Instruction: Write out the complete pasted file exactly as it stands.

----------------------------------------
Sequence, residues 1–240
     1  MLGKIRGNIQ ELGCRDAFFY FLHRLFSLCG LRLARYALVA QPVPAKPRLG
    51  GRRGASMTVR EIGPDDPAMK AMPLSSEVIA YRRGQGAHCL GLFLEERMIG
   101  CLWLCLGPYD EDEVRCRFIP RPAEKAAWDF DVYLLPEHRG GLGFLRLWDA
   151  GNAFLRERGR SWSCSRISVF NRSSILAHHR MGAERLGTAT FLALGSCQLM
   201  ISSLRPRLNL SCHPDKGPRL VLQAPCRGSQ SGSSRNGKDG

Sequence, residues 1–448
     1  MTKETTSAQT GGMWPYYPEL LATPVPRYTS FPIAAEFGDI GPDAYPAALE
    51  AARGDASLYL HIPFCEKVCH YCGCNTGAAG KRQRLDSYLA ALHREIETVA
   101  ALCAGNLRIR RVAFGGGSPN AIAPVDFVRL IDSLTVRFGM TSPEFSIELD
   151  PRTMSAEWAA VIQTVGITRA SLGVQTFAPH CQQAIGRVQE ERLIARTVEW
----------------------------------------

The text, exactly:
Sequence, residues 1–240
     1  MLGKIRGNIQ ELGCRDAFFY FLHRLFSLCG LRLARYALVA QPVPAKPRLG
    51  GRRGASMTVR EIGPDDPAMK AMPLSSEVIA YRRGQGAHCL GLFLEERMIG
   101  CLWLCLGPYD EDEVRCRFIP RPAEKAAWDF DVYLLPEHRG GLGFLRLWDA
   151  GNAFLRERGR SWSCSRISVF NRSSILAHHR MGAERLGTAT FLALGSCQLM
   201  ISSLRPRLNL SCHPDKGPRL VLQAPCRGSQ SGSSRNGKDG

Sequence, residues 1–448
     1  MTKETTSAQT GGMWPYYPEL LATPVPRYTS FPIAAEFGDI GPDAYPAALE
    51  AARGDASLYL HIPFCEKVCH YCGCNTGAAG KRQRLDSYLA ALHREIETVA
   101  ALCAGNLRIR RVAFGGGSPN AIAPVDFVRL IDSLTVRFGM TSPEFSIELD
   151  PRTMSAEWAA VIQTVGITRA SLGVQTFAPH CQQAIGRVQE ERLIARTVEW